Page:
The survey of practice worth sharing was published on the Social Services Improvement Agency website. Although there is no information available on how well this has been accessed, it is known anecdotally by discussions with colleagues across Wales that the website is considered a useful resource. One of the challenges is to ensure that this resource continues to expand to showcase the extent and range of good practice in Wales. In addition, many organizations across Wales have also included information on dignity on their websites. This was particularly helpful to disseminate the funding call for small grants, which will be described later and produced much interest.

5. To influence dignity in care policy in Wales.
With respect to policy, one direct influence has been the inclusion by Health Inspectorate Wales, a member of the National Co-ordinating Group, of dignity in their ‘spot check’ programme in Welsh hospitals. Health Inspectorate Wales and Care & Social Services Inspectorate for Wales have also included the theme of dignity in their joint review of the National Service Framework for Older People. Links are also being made with the 1,000 lives campaign in Wales, which now includes programmes related to the dignity in care agenda, such as ‘Transforming care at the Bedside’. Information was also given to the Commissioner for Older People who has undertaken a review of dignity in hospital.

6. To influence dignity in care practice in Wales.
At the 6 training events, a ‘Plan Do Study Act’ toolkit was given to attendees to help them improve the quality of their service delivery in the workplace. This toolkit was explained in depth to attendees and initial support given to help plan changes that could be made. As well as this direct influence, more than 20 small projects have been funded to improve practice in Wales, using funding set aside by the Welsh Assembly Government. In total, about 150 applications were submitted to this small grants programme, showing considerable interest. The successful ones offer a diverse range of initiatives and the experience gained from these will be shared across Wales.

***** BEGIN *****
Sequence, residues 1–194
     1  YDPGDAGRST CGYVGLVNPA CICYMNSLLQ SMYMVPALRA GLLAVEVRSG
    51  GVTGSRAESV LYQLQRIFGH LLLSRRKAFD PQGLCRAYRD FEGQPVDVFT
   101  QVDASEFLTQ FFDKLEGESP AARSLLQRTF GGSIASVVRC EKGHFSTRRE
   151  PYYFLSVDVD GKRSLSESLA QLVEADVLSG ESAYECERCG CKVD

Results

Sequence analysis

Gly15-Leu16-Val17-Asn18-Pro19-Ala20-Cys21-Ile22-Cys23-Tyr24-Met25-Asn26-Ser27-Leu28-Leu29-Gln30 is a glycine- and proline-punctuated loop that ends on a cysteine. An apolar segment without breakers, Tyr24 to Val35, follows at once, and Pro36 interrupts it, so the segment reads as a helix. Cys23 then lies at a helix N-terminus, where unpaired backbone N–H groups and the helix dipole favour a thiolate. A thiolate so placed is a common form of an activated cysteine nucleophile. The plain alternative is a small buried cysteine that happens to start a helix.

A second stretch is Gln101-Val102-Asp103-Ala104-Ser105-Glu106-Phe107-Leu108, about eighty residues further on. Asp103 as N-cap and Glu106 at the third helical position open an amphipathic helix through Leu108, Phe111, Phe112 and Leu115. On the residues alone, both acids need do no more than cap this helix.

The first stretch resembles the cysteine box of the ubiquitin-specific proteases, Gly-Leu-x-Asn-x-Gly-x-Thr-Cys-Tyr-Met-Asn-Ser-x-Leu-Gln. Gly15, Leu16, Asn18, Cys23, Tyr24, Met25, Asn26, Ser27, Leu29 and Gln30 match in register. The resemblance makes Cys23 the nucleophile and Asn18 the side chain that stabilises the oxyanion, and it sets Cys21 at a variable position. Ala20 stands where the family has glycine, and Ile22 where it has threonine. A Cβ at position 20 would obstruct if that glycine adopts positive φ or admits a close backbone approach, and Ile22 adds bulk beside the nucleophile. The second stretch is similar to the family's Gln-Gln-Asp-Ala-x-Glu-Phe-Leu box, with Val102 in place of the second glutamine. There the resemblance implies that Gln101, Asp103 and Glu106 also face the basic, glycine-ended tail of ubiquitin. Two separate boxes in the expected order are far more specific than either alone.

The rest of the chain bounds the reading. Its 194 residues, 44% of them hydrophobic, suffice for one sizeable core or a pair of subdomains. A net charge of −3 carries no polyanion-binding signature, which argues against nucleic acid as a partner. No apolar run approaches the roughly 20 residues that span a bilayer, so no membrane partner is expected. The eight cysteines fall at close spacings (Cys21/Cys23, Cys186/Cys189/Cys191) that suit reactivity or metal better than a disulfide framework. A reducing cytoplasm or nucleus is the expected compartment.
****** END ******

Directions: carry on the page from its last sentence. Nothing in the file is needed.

7. To correspond with interested partners from outside Wales.
Although the focus of the programme has been a Welsh one, this final aim recognized the value of wider correspondence. Efforts have been made to bring into the public domain the work being undertaken, such as the previous publication in ‘Generations Review’. A poster abstract on the work of the programme was also presented at the NHS Confederation conference in November 2010. This conference included attendees from outside of Wales. In addition, the work of the Patients Association was of interest and following their presentation to a meeting of the National Co-ordinating Group, a commission has been made to consider the experience of Welsh patients. Work has also been completed to translate into Welsh a British Geriatric Society poster on dignity in care.


Based on an internal evaluation, the Welsh dignity in care programme has been successful as measured against our original aims. An external and independent evaluation of the programme has been commissioned to assess the impact of the initiatives undertaken. This impact evaluation, along with all the experience gained to date, will be helpful in respect of taking forward the programme in Wales and building on progress to date. Some projects at an early stage include work on bilingual issues, in accordance with the Welsh Language Act, work on dignity in care with respect to Lesbian, Gay, Bisexual and Transgender individuals and the development of links to other initiatives.